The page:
Saturday, November 8, 2008

The Detroit Dilemma

As mentioned previously, I spent an intensive three-day long whirlwind charrette in Detroit, Michigan as part of on interdisciplinary team for the Sustainable Design Assessment Team (SDAT) program as part of the AIAs Communities by Design Program. This was my first SDAT experience, as well as my first visit to Detroit (short of passing through the airport). In short, it was intense and amazing.

:: Landsat Detroit - image via Wikipedia

For starters, an interesting facet of what the AIA does in this program is to pull together teams that relate to the specific needs of the the project. In this case, our team was led by Alan Mallach, a planner who specializes in revitalization of communities, captured aptly in his book Bringing Buildings Back: From Abandoned Buildings to Community Assets. The team was rounded out with a variety of specialists, including Subrata Basu, architect and planner from Miami Dade County Planning and Zoning; Steven Gazillo, Director of Transportation Planning from URS Corp from Connecticutt; Colin Meehan, renewable energy expert from Environmental Defense Fund in Austin, Texas; Teresa Lynch, economist and Research Director for the Initiative for a Competitive Inner City from Boston; Edwin Marty, Urban Agriculture Specialist and Executive Director of the Jones Valley Urban Farm in Birmingham, Alabama; and myself, representing GreenWorks Landscape Architecture and covering land use and open space.

Then there was Detroit itself, which is faced with a post-industrial situation that is mind-boggling in its scope. Through historical development as a single-industry (auto) and single-land use (typically single family) - the City of Detroit, perhaps more than anywhere else is suffering from the loss of manufacturing, and widescale depopulation, and a preponderance of vacant lands. This has been widely covered throughout, but was quite stunning to see.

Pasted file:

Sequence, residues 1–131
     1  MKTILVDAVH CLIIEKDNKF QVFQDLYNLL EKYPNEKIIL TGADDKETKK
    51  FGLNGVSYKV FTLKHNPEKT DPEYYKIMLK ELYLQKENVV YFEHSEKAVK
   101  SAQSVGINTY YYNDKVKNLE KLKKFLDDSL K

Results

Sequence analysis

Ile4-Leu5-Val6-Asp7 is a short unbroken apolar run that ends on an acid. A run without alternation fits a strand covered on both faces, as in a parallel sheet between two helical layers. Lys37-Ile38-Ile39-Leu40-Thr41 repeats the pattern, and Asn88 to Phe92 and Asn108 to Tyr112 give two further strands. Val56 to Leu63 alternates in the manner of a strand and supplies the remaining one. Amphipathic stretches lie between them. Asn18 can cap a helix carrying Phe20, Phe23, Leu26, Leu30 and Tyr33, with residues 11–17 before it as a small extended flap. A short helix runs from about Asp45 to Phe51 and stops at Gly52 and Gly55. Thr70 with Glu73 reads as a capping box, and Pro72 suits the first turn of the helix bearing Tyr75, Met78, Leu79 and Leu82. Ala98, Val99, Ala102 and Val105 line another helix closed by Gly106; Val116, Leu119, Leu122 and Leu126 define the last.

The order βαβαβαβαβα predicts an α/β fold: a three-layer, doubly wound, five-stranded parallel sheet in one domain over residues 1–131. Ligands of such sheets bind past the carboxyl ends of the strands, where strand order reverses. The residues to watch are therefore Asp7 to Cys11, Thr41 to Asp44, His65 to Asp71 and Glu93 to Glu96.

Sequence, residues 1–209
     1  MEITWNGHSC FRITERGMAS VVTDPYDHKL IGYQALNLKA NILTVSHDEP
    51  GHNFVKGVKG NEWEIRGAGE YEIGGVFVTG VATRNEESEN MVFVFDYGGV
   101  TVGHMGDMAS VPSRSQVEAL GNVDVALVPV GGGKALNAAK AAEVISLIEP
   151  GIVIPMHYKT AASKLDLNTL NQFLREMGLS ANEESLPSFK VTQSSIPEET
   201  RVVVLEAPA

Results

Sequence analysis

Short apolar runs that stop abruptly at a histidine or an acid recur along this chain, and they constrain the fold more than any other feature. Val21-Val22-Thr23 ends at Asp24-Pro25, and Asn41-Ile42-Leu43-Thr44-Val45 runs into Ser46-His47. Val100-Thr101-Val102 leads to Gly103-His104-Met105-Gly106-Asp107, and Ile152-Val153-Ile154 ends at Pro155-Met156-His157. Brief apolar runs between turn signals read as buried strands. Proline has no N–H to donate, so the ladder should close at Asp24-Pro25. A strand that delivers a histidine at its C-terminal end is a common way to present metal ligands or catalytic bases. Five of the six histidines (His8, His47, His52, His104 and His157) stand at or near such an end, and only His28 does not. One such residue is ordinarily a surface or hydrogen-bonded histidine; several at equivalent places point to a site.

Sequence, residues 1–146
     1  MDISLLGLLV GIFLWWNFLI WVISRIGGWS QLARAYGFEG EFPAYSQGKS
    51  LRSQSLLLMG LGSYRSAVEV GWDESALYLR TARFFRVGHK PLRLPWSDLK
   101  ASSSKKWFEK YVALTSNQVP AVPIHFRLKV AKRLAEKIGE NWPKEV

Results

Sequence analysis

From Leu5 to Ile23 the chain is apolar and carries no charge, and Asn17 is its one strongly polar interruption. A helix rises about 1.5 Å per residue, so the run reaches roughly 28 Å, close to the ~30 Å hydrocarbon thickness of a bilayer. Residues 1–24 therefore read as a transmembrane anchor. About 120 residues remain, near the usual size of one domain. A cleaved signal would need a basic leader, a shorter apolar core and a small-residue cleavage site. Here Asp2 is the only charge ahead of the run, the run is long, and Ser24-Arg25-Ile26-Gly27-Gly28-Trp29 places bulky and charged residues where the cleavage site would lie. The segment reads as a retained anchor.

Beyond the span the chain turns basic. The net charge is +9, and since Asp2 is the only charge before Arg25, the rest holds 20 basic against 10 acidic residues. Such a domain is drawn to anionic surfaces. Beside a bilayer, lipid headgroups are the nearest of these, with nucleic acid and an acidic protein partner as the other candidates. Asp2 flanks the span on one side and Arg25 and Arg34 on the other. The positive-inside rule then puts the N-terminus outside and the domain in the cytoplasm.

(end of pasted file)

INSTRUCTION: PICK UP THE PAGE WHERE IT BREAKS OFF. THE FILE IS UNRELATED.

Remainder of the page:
:: images via Forgotten Detroit

Imagine this: A city of 2 million folks grew to a land area of around 140 square miles. With economic downturn and white flight to the suburbs the population has shrunk from this number to somewhere around 800,000 persons currently, with a final balancing point around 600,000 people project for 2020. In terms of the future - this means a significant shrinking city, with plenty of land, road capacity, and infrastructure to deal with. What could be a very big headache, can also become a definite opportunity to reinvent the City in a new image.

There isn't just widespread blight... To create a foundation for this new growth, I was surprised by the vitality and vibrance of many areas - perhaps contrasted by the vast tracts of vacant land. Areas of Downtown, Midtown, Mexicantown, New Center, and a sprinkling of neighborhoods throughout Detroit are hanging on due to education, medical, and other industries that are still viable. The Eastern Market was a real treat to see the lively urban agriculture hub operating within the city.

:: Eastern Market - image courtesy of Edwin Marty

And there are vibrant green spaces - include a (reworked) Olmstedian gem- Belle Isle Park (which I got a mere glimpse of) and the front yard of Jack White's old Indian Village home, prior to his exodus to Nashville. Also, there are plans for an extended RiverWalk, and other open spaces throughout the region, including the Inner City Greenway and the Dequinder Cut rail to trail bikeway. That's not to mention the lively Heidelberg Project - which you definitely have to see to believe.

:: image via The Heidelberg Project

The process literally was non-stop - spanning from 8am to 10pm on a typical day (factor in 3 hour time difference), with little time to take a break. This is due to the accelerated nature of the charrette. This process was facilitated expertly by the AIA staff (Erin Simmons and Marcia Garcia) and a team of local experts - who got us up to speed on the issues facing the community. Along with a townhall and a series of focus groups, we got to meet the groups and individuals that are making a difference every day. Our goal was not to tell them what to do... but to give them some outside perspective to confront their issues.